Perspective: The Value Of Project Management Skills

New NC4 travel programs director Craig Banikowski recently explained how he identified the need for formal project management training and why he believes more travel managers should consider project management certification as part of their skill sets. The former travel manager for Hilton Worldwide and other companies, who began his career at TWA nearly 30 years ago, shared the insight at an Egencia forum in Chicago in May. An edited excerpt of his presentation follows.

Deploying integrated technology solutions as well as policy, procurement and more for your travel program could be daunting, difficult or even unsuccessful if you don’t have the structure of project management behind you.

Working on the deployment of automated expense reporting for a Fortune 250 company earlier in my career, I found that I was tasked with so many project-related aspects that I sought a better way to manage it all. I started work on Project Management Professional certification from the Project Management Institute. That knowledge was critical as I worked on globalization and risk management projects.

What is project management? The application of knowledge, skills and tools to meet the project requirements. It sounds very straightforward as you start a project. You say, “Oh, I can do that. I can deploy automated expense reporting for a decentralized company. I can follow standard steps.”

Yet in today’s marketplace, companies want more than that. Management is increasingly looking for standard metrics. They want touchpoints. They want to know what percentage you’ve completed, where you are in the project lifecycle. It’s no longer enough to say, “We’re doing well, we have a rollout date.” When you’ve got so much invested in technology,
headcount, resources and deployment, you’ve got to speak the speak that your leadership wants. That’s why project management certification exists and why I’m such a strong proponent of it.

Every project involves five process steps: initiating, planning, executing, monitoring and controlling, and closing. That last step, closing, is what I found very challenging—saying there is an end date to this project when you migrate over to sustained operations. Cutting it off is very important. You’ve got to have a definitive close date.

Some companies have PMO organizations. When I was with Janus Capital Management in Denver, project management professionals would sit in on your projects to provide expertise, similar to how procurement has worked with travel. But often smaller, midsize companies don’t have certified project management staffs, so you’re on your own.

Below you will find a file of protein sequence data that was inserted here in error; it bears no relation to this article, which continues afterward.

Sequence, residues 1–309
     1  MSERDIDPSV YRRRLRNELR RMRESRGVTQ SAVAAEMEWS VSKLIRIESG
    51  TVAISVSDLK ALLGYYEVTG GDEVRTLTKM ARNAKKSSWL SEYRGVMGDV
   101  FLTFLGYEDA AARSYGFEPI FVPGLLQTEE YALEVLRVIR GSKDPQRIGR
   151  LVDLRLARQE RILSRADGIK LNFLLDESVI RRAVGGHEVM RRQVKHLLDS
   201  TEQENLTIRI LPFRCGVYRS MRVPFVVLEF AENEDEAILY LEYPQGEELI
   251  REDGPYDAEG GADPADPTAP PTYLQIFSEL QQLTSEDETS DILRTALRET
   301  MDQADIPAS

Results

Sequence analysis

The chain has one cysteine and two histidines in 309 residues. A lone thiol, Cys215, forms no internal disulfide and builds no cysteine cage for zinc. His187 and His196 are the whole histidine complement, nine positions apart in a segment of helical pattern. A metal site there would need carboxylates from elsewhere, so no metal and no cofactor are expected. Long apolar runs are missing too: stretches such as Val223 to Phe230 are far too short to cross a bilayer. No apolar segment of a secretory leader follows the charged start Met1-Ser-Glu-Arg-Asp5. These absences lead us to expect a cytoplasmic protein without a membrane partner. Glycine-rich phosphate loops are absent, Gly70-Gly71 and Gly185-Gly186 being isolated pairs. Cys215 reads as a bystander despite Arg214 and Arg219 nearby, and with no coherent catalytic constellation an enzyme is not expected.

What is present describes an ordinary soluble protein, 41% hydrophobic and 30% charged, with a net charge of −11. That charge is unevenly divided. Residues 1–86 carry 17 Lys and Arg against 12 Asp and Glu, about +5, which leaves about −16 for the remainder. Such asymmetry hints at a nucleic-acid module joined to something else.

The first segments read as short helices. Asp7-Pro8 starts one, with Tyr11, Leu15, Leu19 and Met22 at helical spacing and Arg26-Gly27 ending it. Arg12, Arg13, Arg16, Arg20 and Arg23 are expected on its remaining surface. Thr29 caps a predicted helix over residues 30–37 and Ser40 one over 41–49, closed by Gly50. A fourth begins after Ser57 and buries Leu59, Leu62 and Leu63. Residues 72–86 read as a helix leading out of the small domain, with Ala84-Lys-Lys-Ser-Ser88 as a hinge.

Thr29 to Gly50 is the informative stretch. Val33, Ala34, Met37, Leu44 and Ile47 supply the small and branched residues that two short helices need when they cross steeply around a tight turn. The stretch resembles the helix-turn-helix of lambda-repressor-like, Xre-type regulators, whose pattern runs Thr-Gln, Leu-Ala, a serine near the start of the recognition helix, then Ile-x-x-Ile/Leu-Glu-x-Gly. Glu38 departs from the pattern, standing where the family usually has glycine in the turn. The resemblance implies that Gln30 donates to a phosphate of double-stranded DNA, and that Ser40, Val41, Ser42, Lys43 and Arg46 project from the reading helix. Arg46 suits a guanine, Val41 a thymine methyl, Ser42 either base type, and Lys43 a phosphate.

The steps and more are outlined in “A Guide To The Project Management Body Of Knowledge,” a hefty book published by the Project Management Institute. PMI also offers various levels of certification and other resources.

While associated with technology implementations, project management skills can be applied to many aspects of travel management, such as implementing safety and security, risk management and procurement initiatives. Especially with multiyear projects, a rigorous project management plan can assist with budget changes, identify incongruous budgets and assist with scope creep, cultural or infrastructure changes within a company or altered priorities that could impact delivery and therefore project success.

Scope creep is one of the most common threats to project success. Months into a project, constituents might suggest inclusion of certain aspects—perhaps as a result of emerging events. All of a sudden, the scope has creeped. That creep could require additional resources and budgets, or threaten the success of your project if not properly managed. You have to say that would be a new project or an add-on to be completed later, not something that should be considered a deliverable into the existing project.

At the start of every project, you also should define what will mark the project close—the day we turn a system on, two months after integration, etc. Closing a project should entail capture of quality measurement of your audience and the project. Are people using it? What worked? What didn’t? Was the project completed on time and on budget?

You can never have enough acronyms in this industry to say, “I’m a professional, keep me employed.”

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